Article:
Sherwood Animal Clinic
Two Sheep Horses Dog Taking Another Dog For A Walk Girl and Kitten Row of Cattle Sleepy Kittens

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VET TIPS

Vaccination Protocols

Three Small Kittens

CATS & DOGS

These vaccination protocols are standardized. For a protocol that is customized for your specific pet’s needs, please consult one of our veterinarians.

Puppy and kitten

Congratulations on your new puppy or kitten! Now that you have the exciting new bundle of joy home and settled in there are a few dates to mark on your calendar. Let us help you keep your new pet safe!

  • 8 weeks old – time for your 1st vaccine and deworming! Often this vaccine will have been given by the breeder.
  • 12 weeks old – 2nd vaccine and deworming. This is a booster and is very important to ensure a good immune response.
  • 16 weeks old – 3rd and final puppy/kitten vaccine, rabies and deworming. This is your last booster, but this time your pet will receive a rabies vaccine as well.

Cats and dogs

Adult cats and dogs should receive annual check up’s and vaccines.

Brown Horse

HORSES

These vaccination protocols are standardized. For a protocol that is customized for your specific herd needs, please consult one of our veterinarians.

Foals

  • 6 months old – first vaccinations (EEE, WEE, tetanus, WNV, rhino/flu)
  • 7 months old – booster
  • 10 months old – rabies

Horses

  • Core vaccines – EEE, WEE, tetanus, WNV, rabies
  • Additional vaccines – rhino/flu, strangles

CATTLE

These vaccination protocols are standardized. For a protocol that is customized for your specific herd needs, please consult one of our veterinarians.

Calves

Spring (prior to turnout)

  • IBR, BVD, PI3, BRSV
  • Clostridial 6 or 8-way
  • Mannheimia hemolytica

Fall (weaning)

  • Booster IBR, BVD, PI3, BRSV
  • Booster Clostridial 6 or 8-way
  • Booster Mannheimia hemolytica
  • Vaccinate for H. somnus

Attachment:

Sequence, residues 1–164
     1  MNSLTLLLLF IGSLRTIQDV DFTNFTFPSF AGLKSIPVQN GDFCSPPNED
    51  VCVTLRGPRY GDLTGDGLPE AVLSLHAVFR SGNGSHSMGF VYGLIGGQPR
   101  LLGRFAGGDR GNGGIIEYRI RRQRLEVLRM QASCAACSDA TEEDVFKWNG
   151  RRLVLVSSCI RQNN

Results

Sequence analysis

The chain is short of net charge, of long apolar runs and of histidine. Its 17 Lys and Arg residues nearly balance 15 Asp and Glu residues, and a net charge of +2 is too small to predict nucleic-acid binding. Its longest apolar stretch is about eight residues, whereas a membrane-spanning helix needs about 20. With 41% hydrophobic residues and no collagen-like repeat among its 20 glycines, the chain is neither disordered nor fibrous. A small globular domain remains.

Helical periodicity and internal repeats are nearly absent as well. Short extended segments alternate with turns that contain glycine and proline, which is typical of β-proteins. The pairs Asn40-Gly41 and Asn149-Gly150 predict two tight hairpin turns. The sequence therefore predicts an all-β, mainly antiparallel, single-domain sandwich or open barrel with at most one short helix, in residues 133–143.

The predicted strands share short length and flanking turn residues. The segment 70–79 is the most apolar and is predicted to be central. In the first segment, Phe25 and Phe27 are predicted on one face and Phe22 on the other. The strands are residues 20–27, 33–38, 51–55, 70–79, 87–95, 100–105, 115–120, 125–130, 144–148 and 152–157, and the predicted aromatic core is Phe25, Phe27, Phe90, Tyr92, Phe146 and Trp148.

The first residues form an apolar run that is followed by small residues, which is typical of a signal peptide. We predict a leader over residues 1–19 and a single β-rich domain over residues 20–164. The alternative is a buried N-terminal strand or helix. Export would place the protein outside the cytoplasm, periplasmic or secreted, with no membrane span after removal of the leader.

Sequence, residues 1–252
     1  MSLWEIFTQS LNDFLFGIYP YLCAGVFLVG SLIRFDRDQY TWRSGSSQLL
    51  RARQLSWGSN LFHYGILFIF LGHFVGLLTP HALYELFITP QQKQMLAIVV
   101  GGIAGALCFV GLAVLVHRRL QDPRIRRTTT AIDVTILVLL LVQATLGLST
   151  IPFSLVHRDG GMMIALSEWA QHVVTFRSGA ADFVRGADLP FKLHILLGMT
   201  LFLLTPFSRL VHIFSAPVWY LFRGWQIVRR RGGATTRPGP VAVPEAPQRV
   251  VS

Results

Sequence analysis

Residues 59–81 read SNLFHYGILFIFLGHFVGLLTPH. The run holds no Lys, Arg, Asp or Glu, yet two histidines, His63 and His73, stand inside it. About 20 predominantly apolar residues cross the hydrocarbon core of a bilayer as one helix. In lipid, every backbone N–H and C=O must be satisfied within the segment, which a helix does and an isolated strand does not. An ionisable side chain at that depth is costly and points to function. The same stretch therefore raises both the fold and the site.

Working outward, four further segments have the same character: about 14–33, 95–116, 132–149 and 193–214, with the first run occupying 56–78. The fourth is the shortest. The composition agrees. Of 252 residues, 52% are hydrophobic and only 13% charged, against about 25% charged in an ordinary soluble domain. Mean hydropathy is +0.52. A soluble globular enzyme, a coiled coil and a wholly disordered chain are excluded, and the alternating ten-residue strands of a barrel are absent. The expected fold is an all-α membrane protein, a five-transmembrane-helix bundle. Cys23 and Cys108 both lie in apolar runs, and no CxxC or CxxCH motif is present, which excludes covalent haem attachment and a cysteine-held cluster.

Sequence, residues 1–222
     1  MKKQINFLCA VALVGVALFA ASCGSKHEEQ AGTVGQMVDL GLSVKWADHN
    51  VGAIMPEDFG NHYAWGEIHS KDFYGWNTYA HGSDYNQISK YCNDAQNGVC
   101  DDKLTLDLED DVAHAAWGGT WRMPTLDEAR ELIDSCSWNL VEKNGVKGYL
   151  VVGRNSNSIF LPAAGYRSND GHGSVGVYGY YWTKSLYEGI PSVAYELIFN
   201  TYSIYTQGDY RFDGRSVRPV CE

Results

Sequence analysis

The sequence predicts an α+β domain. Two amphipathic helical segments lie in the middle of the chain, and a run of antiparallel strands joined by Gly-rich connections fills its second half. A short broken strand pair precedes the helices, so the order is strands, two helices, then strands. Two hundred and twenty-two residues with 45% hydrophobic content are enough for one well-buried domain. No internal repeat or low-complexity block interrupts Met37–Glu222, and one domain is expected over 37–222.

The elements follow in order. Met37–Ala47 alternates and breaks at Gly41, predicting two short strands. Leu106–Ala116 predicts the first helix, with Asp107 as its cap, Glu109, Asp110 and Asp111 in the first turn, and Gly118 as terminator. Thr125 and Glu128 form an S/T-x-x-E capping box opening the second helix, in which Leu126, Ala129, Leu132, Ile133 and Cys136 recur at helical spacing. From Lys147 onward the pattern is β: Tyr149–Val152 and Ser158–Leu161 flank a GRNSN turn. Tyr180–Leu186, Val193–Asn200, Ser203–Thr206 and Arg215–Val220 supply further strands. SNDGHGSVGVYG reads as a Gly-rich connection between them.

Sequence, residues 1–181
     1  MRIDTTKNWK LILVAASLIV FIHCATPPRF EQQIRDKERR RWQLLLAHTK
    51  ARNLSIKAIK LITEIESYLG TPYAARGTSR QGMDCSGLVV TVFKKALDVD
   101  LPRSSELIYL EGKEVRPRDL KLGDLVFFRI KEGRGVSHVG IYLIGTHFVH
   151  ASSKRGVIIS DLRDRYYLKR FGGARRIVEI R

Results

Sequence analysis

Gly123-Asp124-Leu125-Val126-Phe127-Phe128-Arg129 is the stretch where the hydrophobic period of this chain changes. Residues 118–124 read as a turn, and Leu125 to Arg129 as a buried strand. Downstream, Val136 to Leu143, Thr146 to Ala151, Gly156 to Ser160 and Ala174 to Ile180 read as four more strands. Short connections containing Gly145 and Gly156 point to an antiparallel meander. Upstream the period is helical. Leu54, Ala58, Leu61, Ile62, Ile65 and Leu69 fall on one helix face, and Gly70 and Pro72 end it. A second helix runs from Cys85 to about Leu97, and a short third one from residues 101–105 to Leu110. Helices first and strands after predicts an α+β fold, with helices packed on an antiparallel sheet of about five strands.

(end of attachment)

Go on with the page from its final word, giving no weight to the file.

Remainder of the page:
Cows and heifers

Annual pre-breeding (spring) vaccines

  • IBR, BVD, PI3, BRSV

Bulls

Annual pre-breeding (spring) vaccines

  • IBR, BVD, PI3, BRSV
  • Foot Rot

SHEEP & GOATS

These vaccination protocols are standardized. For a protocol that is customized for your specific herd needs, please consult one of our veterinarians.

Lambs and kids

  • 8 weeks old – give first 8-way Clostridial with tetanus vaccine
  • 12 weeks old – booster 8-way Clostridial with tetanus vaccine, rabies

Sheep and goats

  • Annual 8-way Clostridial vaccine, rabies
  • Optional Corynebacterium pseudotuberculosis vaccine

Tick Prevention

Ticks are more than just creepy crawly inconveniences on our pets. They also can carry and transport diseases. During the spring and summer months, ticks are most often found in areas with tall grass. Check your pet regularly for ticks. Some of their favorite places to hide are around the ears, armpits and groin. Ask your veterinarian about prescription tick preventatives for your pet.

Heartworm Prevention

Heartworm is parasite that can affect dogs of all ages. The worm is carried and transmitted by mosquitoes. When an infected mosquito bites a dog, it transmits the parasite into the dog’s bloodstream. The parasites then migrate to the dog’s heart, where they grow and mature, eventually causing cardiac disease in the host dog.

Prevention is key! Heart worm is easy to prevent, but rather taxing to treat. While Saskatchewan has only ever been considered a low risk area for heartworm, this parasite is gradually coming our way. Ask your veterinarian about heartworm tests and preventative measures for your dog.

Pet and Equine Identification

There are lots of ways to ensure your dog, cat or horse can be identified should they happen to find themselves lost in unfamiliar territory. Your dogs and cats should wear their city licenses as well as their most current rabies vaccine tags. These tags can be traced back to the correct owners through the veterinary clinic that dispensed the tag. Tattoos are also a popular method of identification for cats, dogs and horses and can be traced through the vet clinic or association that administered them. Microchips are also an effective way to ensure your pet is always “carrying their I.D.” These are small chips that are inserted under the skin and can be read with a scanner. The scanner reveals the microchip’s identification number and links us to the owner’s contact information.